My healthcare prior to ObamaCare was a $0 deductible and $117 per pay period.  It went up to $500 deductible and $145.  Did I blame ObamaCare? Yes I certainly did.  But look at what changed:

  • I now have mental healthcare taken care of rather than just an EAP progrom.
  • My money-out-of-pocket (MOOP) went from $1,000 to $2,000 but deductibles, copays and coinsurances all were included in the MOOP total whereas before it didn’t.
  • There used to be a 90/10 split in urgent care or hospital visits and that now has been taken care of by flat copays.
  • Coinsurance kicks in only with deductible claims whereas before, the 90/10 split was how it was settled.
  • The concept of pre-existing conditions is now rendered null and void.

So Juan is correct, many companies just readjusted as need be and kept the ball rolling.  This wasn’t some grand scheme as Elisabeth Hasselbeck says either.  I think there will be a day when I as a man, won’t have to pay a premium that includes maternity care, or even a woman over the age of 55 wouldn’t have to pay for it either.  However I feel mental health care coverage should be considered a minimum–but that’s just my opinion.

Although, I think for most uber-progressives, this proved our point that we needed a single-payer system in place.

Keep it uppity and keep it truthfully radical, JLL

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9 responses to “Slavery, Sarah Palin and Senator Mary Landrieu: Conspiracists United!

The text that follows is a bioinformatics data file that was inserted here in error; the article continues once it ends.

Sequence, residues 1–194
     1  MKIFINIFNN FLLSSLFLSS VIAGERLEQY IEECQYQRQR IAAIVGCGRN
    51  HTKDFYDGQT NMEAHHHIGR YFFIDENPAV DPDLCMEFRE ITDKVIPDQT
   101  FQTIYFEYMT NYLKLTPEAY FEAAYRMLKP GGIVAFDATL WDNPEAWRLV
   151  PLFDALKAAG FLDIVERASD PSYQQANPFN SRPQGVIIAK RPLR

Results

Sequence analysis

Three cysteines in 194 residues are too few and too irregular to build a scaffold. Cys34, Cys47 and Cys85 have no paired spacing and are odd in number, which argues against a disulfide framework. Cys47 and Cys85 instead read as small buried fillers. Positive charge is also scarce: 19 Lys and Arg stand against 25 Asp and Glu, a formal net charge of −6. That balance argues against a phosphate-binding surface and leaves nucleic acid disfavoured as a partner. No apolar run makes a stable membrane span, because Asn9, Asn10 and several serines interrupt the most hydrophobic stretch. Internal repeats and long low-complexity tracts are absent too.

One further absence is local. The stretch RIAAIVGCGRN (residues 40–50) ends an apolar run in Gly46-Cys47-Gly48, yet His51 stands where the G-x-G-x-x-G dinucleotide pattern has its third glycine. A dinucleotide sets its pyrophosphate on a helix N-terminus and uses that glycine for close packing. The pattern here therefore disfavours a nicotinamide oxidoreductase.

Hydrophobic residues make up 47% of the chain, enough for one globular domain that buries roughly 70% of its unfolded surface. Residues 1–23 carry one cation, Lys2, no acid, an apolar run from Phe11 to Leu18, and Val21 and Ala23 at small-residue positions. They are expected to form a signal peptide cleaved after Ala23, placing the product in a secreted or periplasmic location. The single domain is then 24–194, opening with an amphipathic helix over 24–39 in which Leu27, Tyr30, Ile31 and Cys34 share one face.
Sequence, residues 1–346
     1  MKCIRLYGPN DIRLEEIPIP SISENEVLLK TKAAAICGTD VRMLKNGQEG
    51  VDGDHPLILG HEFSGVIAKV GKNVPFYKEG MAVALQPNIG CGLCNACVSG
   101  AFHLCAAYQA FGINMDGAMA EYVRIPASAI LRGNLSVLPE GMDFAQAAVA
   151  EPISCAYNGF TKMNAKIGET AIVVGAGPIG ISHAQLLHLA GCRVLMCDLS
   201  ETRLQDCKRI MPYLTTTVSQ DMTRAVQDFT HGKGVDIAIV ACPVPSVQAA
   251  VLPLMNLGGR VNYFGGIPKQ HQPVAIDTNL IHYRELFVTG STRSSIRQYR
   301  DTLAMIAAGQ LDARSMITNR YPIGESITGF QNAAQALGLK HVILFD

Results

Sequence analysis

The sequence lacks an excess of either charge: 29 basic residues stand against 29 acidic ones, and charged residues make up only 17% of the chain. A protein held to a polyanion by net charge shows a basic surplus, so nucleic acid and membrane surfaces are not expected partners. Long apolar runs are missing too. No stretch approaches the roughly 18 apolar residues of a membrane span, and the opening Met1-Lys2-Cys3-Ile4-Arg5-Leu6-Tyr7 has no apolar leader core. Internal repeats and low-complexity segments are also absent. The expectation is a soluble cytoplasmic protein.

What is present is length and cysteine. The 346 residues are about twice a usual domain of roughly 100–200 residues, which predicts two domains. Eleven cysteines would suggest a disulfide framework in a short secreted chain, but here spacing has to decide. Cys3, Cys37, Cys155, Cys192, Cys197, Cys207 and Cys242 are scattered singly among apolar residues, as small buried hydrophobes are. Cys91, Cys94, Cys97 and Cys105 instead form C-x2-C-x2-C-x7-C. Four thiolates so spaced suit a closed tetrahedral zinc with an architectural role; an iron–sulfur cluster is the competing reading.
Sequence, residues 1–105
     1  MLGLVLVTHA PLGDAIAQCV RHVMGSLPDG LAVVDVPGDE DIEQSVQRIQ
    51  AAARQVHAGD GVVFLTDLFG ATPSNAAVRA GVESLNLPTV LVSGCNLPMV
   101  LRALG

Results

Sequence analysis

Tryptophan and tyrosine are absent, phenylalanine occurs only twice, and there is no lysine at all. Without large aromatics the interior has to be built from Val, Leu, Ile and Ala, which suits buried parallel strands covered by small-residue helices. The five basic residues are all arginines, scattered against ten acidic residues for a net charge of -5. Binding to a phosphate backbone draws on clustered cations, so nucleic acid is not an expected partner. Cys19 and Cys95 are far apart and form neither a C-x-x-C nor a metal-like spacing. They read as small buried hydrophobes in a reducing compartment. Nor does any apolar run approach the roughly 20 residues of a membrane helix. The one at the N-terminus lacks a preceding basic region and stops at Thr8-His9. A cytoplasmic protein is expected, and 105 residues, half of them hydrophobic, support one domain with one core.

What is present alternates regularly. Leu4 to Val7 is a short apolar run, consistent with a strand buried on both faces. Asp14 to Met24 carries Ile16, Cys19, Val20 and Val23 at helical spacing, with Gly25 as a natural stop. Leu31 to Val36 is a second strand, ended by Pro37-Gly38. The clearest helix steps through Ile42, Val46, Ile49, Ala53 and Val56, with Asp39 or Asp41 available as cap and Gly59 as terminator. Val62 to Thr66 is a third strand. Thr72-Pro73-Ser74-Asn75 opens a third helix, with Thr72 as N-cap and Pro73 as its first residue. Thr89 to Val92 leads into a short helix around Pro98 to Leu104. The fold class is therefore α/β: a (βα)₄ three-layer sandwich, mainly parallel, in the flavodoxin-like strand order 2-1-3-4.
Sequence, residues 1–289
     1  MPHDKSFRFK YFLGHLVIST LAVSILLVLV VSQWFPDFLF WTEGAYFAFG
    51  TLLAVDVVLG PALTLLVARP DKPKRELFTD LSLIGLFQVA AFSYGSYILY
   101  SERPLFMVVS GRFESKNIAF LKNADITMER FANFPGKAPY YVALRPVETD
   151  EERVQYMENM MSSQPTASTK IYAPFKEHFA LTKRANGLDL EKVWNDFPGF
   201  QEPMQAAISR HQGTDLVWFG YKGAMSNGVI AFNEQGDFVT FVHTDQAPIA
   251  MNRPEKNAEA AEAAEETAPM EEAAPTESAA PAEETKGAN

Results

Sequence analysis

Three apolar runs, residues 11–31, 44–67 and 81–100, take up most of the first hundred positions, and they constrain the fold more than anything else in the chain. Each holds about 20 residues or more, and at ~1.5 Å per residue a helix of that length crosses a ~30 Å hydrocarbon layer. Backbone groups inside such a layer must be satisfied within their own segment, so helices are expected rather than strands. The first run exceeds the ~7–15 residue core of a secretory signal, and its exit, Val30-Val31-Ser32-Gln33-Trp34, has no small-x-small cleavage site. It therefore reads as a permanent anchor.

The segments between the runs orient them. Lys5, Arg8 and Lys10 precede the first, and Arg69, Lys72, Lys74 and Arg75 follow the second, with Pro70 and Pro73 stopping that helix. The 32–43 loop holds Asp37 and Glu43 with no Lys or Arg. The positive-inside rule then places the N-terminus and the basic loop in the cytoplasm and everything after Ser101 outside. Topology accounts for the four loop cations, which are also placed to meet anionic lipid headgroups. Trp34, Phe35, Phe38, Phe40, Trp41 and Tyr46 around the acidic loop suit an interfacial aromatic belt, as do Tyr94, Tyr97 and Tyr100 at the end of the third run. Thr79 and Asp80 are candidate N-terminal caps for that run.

1. Thank you Uppity for the ACA info and its political implications.

    Keeping it factual matters, as does education, history, recent, old, and ancient. Integrity matters too.

  2. ‘None of are free’….Solomon Burke and the Five Blind Boys of Alabama c. 2002; album, ‘Don’t give up on me’

    And here we are.

      • The best analogy I’ve got, mandatory automobile insurance (private for profit corporations) for those who choose to own and operate cars; healthcare (private for profit corporations) for all who own (?) and operate a human body ?

        Would less overhead, government single-payer healthcare work, Medicare for all?

  3. I will say, this administration has made me both anti-Republican and anti-Democrat. I’m sure white Republicans ejaculated something serious with Dr. Carson’s use of the word slavery — anytime a black person uses slavery as a justification for white radicalism, I swear I can feel the collective rising heat emitting around me. At the same time, I definitely feel like a large segment of registered Democrats go to extremes to justify Obama’s every decision rather than fully taking into consideration the cons that are at times very valid.

    Now, the fact is I’m part of the population that doesn’t have to worry about health insurance because 1) my job provides decent benefits, and 2) I’m paid well enough to cover emergencies even if I opt out of insurance, which is something I had been doing every other year to increase my savings since I only get checkups on odd years and I’m low risk health-wise. That said, I do agree that health insurance should be everyone’s right, not privilege (score one for the Dems), but I also agree that health insurance should be voluntary, not mandatory (go ‘Pubs). Speaking from a very selfish and knowingly privileged standpoint, the ACA now forces me to shell out upwards of $2,000 of my own money every other year for services I don’t need or use (to draw a parallel to your article, if you never end up taking advantage of that mental healthcare you’re not forced to carry, you’ll never get that portion of your premium refunded).